"Doctor Who" made a bold move when they decided to bring in Jodie Whittaker as the first female Doctor of the long-running BBC series. The "Broadchurch" actress is the successor to Peter Capaldi who personally confirmed that season ten would be his final hurrah on the show after playing the titular role for three years.

Capaldi was the 12th actor to play the Doctor. In his interview with BBC Radio, the 59-year-old actor revealed that the offer was there for him to stay in the series after he had expressed his desire to move forward from his "Doctor Who" journey.

The Scottish actor, however, thought it was the right time to take on new challenges in order to grow in his craft.

"I’ve never done one job for three years. I feel it’s time for me to move on to different challenges. I feel a bit sad but rather wonderful. What a privilege to have done this," he said.

His sudden exit from the show raised speculation in terms of the potential casting of a female Doctor which was formally confirmed when "Doctor Who" released its first trailer for the upcoming special featuring Whittaker. The 35-year-old actress, whose credits include "Venus," "Attack the Block" and "Black Sea," had previously worked with Chris Chibnall who was recently appointed as the new show-runner of the BBC series.

'Doctor Who' appoints first female Time Lord

Whittaker said she is "beyond excited" to be the first actress to play the iconic character. Her casting, however, drew mixed responses from "Doctor Who" fans who shared their different opinions on social media. Some commended the show for finally appointing an actress to play the titular role, while others opposed the idea of having Whittaker play the 13th Doctor.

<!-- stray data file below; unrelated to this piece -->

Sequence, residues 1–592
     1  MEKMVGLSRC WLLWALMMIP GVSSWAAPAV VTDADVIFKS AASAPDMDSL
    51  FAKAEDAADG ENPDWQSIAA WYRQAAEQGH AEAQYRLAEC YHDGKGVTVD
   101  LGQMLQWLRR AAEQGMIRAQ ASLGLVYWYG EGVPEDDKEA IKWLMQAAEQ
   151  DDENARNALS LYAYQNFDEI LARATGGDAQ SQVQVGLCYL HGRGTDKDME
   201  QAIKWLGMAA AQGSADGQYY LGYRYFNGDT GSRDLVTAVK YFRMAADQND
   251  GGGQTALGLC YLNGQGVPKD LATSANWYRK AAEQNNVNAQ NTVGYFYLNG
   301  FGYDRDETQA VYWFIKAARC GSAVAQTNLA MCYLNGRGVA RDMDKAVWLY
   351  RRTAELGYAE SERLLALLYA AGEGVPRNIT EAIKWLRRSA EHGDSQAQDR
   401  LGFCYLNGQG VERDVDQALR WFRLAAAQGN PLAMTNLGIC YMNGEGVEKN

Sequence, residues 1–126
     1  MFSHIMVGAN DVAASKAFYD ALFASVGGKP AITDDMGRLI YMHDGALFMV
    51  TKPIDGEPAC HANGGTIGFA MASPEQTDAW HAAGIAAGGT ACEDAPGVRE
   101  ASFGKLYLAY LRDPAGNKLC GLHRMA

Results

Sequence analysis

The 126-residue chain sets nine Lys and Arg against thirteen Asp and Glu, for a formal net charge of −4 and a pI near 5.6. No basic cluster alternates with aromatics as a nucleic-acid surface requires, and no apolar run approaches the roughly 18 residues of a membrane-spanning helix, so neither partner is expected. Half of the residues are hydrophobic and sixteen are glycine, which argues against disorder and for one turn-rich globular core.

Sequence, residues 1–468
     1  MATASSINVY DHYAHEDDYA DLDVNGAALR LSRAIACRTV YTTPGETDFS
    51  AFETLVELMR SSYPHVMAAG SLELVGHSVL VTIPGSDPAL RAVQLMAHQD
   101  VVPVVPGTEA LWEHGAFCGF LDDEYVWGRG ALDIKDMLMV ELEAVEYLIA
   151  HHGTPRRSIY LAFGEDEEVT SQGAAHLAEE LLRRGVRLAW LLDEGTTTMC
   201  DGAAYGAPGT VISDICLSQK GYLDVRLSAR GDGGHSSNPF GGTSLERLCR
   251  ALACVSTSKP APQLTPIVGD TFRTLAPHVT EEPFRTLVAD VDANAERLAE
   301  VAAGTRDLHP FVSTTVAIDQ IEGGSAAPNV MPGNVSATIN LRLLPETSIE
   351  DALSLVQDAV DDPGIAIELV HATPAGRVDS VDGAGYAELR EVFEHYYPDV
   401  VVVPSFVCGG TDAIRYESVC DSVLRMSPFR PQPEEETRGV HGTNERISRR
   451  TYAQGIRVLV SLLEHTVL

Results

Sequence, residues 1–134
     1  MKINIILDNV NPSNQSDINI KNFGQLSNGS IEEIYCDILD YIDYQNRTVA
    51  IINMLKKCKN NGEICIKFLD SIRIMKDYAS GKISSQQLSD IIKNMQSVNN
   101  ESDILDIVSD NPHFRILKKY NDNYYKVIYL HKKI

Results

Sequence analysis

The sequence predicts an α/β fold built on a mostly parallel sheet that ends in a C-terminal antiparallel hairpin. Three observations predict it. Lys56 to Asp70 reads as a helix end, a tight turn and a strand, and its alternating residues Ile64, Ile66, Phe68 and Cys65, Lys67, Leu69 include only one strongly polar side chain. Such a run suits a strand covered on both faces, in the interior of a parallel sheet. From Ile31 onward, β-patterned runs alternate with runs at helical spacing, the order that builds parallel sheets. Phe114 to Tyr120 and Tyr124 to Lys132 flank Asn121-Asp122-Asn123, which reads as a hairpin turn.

'Doctor Who' stars react to Whittaker's appointment

Whittaker, however, gained support from former "Doctor Who" actors who celebrated her casting for the newest "Doctor Who" special.

Colin Baker, who played the sixth incarnation of the titular role, said BBC did the right thing in appointing the actress. Mark Gatiss extended his congratulations to the "Broadchurch" actress on her new project.

John Barrowman, on the other hand, personally addressed Whittaker's casting in "Doctor Who" at Comic-Con 2017 on Thursday. The actor, who played Capt. Jack Harkness, thought the controversy surrounding Whittaker's appointment was a good sign for the BBC series.

He even recalled the time when David Tennant was chosen as the tenth Doctor after Christopher Eccleston's brief exposure on the show. "People weren’t happy about it. Seriously. There was a lot of upset, a lot of "This is ridiculous!" because David at that time was younger," he said, according to EW. "We all had to accept everybody loving it and everybody hating it."

Barrowman said those who are fanatics of the long-running series should have known that anything could happen to the character. "It doesn’t say that he will be a he all the time. We don’t know who he’ll regenerate into, so it could conceivably happen," he explained.

The actor acknowledged that fans and critics have the right to question BBC's decision to bring in Whittaker as the 13th Doctor. He, however, asked them to "give it a chance" and wait until the new season unfolds.